Anyway, the sub disappears and Flash does do some super speed swimming and can't locate it and everyone blames him for the sub going missing and his life is hell, yada, yada, yada. Did I say I found this compelling?
Iris wants to get Barry out of the house and get his mind off of, you know, him being a failure and all, and so they go and visit a friend, Phil Anderson, at a lighthouse. There is a storm and the helicopter Barry is piloting is hit by lightning and Barry has to turn into the Flash to save them and Phil is a mess and his wife is missing and his heart is giving out and geeze, do the coincidences just keep a comin'!
It seems Phil and his wife went on a super-secret mission for the CIA, where they pretended to be a couple on their second honeymoon crossing the Atlantic in a small sailboat, but were actually looking for enemy nuclear subs lurking off the Greenland shelf, which just happens to be where Flash's sub went missing. Anyway Phil and his wife, Phyllis, get knocked overboard in a storm and picked up by a, you guessed it, enemy nuclear sub.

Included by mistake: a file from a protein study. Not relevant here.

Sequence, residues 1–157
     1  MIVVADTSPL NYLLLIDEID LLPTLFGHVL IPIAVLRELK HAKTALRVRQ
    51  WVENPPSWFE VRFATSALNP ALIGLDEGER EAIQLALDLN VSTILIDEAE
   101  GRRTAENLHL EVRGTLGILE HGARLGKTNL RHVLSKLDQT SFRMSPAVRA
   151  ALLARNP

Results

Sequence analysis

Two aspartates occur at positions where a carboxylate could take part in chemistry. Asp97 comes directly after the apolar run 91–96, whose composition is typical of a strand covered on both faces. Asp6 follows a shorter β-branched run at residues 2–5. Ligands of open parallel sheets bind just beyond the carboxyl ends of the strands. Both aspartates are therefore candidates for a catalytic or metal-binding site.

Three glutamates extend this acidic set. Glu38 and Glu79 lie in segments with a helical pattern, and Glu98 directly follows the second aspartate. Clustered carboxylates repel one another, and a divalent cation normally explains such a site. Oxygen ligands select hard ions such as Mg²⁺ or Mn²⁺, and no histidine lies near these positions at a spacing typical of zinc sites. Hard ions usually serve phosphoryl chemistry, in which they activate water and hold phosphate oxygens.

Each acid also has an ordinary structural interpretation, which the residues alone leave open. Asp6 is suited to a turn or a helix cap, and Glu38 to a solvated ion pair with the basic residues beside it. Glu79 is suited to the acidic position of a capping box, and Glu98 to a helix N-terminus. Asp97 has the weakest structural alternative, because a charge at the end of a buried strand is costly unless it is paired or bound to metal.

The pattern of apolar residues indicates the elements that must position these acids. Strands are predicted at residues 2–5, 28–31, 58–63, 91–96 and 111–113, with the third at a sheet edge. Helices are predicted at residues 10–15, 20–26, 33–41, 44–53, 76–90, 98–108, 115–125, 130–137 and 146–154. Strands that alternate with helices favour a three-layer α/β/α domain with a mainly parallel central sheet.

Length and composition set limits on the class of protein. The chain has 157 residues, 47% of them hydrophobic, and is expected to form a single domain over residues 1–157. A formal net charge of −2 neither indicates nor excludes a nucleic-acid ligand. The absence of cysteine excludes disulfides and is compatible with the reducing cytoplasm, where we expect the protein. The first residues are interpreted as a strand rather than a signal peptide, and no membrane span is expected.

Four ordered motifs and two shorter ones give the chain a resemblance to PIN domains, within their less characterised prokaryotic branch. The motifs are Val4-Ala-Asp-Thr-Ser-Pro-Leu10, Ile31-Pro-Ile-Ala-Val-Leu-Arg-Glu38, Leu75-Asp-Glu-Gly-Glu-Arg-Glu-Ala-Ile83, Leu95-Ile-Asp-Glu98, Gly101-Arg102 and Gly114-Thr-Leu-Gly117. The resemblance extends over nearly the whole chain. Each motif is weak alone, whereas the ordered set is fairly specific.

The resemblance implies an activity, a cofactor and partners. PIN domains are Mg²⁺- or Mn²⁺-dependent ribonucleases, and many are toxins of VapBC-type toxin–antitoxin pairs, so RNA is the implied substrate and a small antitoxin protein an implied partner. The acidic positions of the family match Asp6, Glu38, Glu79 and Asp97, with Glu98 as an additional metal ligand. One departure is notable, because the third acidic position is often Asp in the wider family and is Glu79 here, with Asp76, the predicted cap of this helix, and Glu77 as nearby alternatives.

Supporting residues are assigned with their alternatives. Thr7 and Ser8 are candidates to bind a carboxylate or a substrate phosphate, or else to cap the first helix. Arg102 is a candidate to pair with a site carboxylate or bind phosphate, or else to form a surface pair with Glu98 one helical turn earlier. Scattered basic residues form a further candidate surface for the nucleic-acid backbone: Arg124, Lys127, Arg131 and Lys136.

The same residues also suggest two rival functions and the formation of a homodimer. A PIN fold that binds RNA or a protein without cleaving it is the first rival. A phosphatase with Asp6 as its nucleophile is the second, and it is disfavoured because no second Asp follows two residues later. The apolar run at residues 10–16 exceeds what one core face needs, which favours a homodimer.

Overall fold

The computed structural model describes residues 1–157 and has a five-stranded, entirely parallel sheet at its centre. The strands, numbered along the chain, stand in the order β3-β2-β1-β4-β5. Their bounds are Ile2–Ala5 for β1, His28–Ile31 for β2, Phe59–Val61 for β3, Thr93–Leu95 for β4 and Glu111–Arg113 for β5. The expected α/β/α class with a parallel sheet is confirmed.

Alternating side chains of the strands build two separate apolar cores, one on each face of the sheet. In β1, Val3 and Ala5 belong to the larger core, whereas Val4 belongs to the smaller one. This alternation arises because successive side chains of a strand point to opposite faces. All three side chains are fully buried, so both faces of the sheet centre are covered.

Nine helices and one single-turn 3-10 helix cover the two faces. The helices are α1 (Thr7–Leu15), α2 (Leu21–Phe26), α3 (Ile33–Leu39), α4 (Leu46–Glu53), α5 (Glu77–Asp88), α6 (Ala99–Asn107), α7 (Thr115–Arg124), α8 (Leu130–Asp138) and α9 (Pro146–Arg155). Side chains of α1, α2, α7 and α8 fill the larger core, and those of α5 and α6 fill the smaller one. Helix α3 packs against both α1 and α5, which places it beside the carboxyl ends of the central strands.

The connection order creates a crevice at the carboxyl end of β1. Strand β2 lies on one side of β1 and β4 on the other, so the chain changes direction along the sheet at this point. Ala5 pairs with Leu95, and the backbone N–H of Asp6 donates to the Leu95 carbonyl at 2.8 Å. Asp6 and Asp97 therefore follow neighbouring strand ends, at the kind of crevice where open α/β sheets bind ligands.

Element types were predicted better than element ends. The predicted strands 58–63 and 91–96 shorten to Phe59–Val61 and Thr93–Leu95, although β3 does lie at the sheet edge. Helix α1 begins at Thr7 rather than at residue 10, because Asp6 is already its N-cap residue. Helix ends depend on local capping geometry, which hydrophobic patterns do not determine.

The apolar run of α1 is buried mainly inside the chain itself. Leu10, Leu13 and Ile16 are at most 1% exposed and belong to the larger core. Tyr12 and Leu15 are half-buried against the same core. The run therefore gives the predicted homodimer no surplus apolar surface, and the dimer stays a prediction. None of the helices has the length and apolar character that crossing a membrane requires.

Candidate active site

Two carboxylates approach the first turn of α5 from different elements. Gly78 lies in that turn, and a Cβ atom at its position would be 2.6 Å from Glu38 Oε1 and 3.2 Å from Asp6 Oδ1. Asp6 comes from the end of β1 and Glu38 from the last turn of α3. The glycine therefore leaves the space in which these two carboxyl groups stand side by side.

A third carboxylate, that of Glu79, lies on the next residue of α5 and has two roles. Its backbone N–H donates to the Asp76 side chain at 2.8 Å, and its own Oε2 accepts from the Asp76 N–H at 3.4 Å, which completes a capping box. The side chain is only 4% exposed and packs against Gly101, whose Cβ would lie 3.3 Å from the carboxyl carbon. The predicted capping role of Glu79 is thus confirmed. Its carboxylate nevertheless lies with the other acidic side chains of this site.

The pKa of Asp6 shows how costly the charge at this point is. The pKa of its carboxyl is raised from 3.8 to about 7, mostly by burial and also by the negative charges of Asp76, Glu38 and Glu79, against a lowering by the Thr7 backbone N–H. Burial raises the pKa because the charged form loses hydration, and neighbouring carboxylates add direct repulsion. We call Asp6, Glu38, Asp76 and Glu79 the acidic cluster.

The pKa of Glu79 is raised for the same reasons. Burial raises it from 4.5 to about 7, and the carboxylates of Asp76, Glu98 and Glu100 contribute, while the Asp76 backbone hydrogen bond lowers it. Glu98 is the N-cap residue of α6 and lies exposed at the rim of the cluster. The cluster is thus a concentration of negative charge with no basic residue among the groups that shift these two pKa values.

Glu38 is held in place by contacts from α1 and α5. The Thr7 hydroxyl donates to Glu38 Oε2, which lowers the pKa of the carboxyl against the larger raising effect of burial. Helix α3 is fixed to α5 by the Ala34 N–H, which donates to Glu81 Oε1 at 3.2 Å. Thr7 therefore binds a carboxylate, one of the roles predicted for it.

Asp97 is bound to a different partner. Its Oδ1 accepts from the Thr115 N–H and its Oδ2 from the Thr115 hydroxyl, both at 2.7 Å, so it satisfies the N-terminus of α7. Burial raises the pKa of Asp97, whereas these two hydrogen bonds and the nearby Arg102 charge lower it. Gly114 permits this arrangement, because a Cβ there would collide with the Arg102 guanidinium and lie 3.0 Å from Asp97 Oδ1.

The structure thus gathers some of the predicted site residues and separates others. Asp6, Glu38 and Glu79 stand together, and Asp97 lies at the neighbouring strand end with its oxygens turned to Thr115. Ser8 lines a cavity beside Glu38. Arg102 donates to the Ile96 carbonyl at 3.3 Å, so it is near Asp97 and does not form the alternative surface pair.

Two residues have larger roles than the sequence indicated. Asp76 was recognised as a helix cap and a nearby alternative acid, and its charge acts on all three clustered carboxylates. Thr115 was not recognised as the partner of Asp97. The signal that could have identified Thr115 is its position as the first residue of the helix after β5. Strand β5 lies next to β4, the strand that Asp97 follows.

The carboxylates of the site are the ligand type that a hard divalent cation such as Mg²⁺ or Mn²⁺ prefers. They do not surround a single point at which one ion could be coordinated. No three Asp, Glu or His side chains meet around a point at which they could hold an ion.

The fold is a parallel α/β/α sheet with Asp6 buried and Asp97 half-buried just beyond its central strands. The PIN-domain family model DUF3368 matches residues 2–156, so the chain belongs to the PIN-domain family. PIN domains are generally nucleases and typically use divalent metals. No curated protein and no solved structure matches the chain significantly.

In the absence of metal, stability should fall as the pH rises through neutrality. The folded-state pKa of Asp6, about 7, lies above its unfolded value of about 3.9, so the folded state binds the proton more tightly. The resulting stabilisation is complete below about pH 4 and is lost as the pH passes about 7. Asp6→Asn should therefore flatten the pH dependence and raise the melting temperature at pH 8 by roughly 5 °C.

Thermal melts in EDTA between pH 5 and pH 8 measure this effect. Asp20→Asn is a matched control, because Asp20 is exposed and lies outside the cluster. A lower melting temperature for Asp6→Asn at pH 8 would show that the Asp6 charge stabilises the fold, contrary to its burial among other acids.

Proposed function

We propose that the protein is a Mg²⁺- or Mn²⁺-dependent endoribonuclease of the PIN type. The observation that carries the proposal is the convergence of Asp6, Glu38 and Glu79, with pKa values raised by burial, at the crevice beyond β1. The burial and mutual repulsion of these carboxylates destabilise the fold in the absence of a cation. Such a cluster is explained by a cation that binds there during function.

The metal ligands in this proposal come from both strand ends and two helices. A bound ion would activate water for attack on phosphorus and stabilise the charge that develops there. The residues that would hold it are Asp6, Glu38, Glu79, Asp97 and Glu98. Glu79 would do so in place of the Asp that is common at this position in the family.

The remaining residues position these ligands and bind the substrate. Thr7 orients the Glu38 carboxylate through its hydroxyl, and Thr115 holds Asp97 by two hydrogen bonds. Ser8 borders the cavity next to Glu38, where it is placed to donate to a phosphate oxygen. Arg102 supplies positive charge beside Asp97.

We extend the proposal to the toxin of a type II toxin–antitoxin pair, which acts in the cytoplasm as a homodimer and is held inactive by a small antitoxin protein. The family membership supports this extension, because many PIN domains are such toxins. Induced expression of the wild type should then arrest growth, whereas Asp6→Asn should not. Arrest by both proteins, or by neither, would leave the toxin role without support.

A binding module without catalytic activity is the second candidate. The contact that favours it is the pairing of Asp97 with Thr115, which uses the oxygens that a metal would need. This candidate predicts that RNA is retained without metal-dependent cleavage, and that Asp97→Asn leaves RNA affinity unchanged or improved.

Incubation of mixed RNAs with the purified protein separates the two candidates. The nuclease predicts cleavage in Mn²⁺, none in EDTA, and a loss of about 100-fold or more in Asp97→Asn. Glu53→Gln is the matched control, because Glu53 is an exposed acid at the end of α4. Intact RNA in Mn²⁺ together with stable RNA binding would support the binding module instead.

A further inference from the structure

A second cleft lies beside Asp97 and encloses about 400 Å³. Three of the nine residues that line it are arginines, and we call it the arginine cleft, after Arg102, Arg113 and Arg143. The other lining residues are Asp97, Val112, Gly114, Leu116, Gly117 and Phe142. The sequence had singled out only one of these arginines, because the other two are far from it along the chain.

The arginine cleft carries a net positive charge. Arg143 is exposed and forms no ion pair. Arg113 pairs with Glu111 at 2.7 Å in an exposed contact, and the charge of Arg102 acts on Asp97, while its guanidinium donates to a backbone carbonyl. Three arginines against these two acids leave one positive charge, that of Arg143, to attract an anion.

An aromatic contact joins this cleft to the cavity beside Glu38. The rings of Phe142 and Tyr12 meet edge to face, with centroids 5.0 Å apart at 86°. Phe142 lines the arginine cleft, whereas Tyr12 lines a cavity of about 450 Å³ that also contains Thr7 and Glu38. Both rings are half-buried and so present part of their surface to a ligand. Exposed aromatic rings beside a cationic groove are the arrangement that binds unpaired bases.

After being captured Phil and Phyllis escape through the sub but are trapped in the torpedo room, which is being filled with poisonous gas and Phyllis stays behind while Phil is ejected through the torpedo tube and eventually picked up by an American fishing boat. Phil is now waiting for Phyllis to come walking back across the water and into his arms because she promised she would.
OK, so the Flash goes looking for Phyllis and of course finds the underwater lair where the "enemy nuclear sub" is hiding with Phyllis and the missing sub that the Flash lost while he was busy "getting some" from the missus. Flash rescues everyone, but Phyllis was exposed to too much of the poison gas back in the torpedo room and is dying and the Flash super-speeds her to Phil, but she dies along the way and Flash sees her ghost walk across the water to meet Phil's ghost (his heart gave out at the same time). The end!
I have to give Robert Kanigher credit for the Flash gets laid and is late plot idea, proving that Barry is not "The Fastest Man Alive!" in all regards, but man, did this thing go south quickly.
Edited by Julius Schwartz.